May is that time where everyone is furiously studying…except for the seniors… Of note is the proximity of USMLE Step 1, arguably the single most important test in medical education. For those unfamiliar with USMLE, Step 1 is one of three all-day written exams necessary for licensure in the US. Step 1 covers comprehensive basic sciences, and is taken at the end of sophomore year. So for those who are studying for Step 1 or any other exam in any other school, I’d like to offer a bit of encouragement in the form of a personal story.
I’ve been asked this question by all sorts of people since I joined this program. It’s always phrased a little differently, but the core question is the same: why ethics?
Few people know you can get a Master’s degree in Bioethics at LLU. Even fewer know that you can get it tuition-free in one year sandwiched conveniently between 3rd and 4th years of medical school. But medical school is long enough already. Why would I postpone medical practice yet another year? Well, six hours of class per week is pretty nice…but it’s about much more than that.
I think doing the right thing is important, but I’m not content just trusting my gut. The Bible, an incredible collection of spiritual and theological ideas, isn’t exactly a moral guidebook for the health professions. Most of us took some introductory philosophy class in high school or college (I didn’t). From where else can we get our understanding of what is right? Most important to us right now is clinical ethics. There are plenty of ethical guidelines published for professionals to use, but where do these guidelines come from? What if those guidelines don’t have it quite right? Can I defend my actions against a legal system whose members have studied ethical theory?
Most medical students dread the Ethics portion of our curriculum. I’m still undecided about whether that’s a problem of content or presentation. I’m leaning towards content. Most students I hear complain that the information is dry and boring. It certainly doesn’t help (from the students’ perspective) that 3rd year ethics sessions are at least 3 hours long. Most students see that as a good, legitimate reason to duck out of surgery, clinic, or rounds on whatever service they happen to be on, but it’s difficult to keep the focus on something that already seems so irrelevant to clinical education. I see it as completely relevant to clinical education. In fact, I see ethics as foundational.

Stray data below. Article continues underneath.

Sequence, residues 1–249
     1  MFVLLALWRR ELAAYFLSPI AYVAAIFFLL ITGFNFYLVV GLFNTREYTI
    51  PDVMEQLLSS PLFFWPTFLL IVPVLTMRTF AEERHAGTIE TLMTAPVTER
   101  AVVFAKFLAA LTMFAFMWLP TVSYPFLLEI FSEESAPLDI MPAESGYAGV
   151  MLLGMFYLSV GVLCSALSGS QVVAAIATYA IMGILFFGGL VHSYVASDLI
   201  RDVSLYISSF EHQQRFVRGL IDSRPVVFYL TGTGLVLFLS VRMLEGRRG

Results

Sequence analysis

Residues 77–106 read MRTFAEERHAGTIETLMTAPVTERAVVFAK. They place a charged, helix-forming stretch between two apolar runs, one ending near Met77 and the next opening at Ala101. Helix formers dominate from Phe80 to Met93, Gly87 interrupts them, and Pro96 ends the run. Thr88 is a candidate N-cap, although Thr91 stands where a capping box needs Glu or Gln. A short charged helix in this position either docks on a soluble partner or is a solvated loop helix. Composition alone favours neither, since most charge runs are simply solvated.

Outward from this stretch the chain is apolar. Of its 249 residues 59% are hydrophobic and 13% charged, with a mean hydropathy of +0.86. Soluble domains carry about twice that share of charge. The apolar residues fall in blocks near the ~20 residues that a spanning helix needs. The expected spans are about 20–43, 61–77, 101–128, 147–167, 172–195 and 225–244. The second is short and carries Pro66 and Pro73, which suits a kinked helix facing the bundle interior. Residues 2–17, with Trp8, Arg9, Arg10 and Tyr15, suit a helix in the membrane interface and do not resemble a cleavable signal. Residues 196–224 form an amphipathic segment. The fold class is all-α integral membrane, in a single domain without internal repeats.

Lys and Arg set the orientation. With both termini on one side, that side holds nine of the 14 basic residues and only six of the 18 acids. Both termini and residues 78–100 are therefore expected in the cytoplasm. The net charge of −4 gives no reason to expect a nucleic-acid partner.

I hope I don’t sound like I’m petty and defensive about my own program. Clearly I chose to spend an entire year focusing on biomedical ethics because of the value I see in it. I don’t advise every medical student to get a Master’s in Bioethics, but I do wish it was seen as more valuable. Perhaps my contributions to this blog will make that case, and perhaps it will help people not need a Master’s in Bioethics.
I grew up hearing that there are three basic motivations for action: fear of punishment, hope of reward, and because it’s the right thing to do. So much of the practice and governance of medicine involves penalties and incentives rather than intrinsic motivation, and I don’t want to live my life weighing a fine against an incentive payment. I think I’ll stick to the third motivation: because it’s right. I think it’s important to not only know what the right thing to do is, but to know why I know it’s the right thing to do.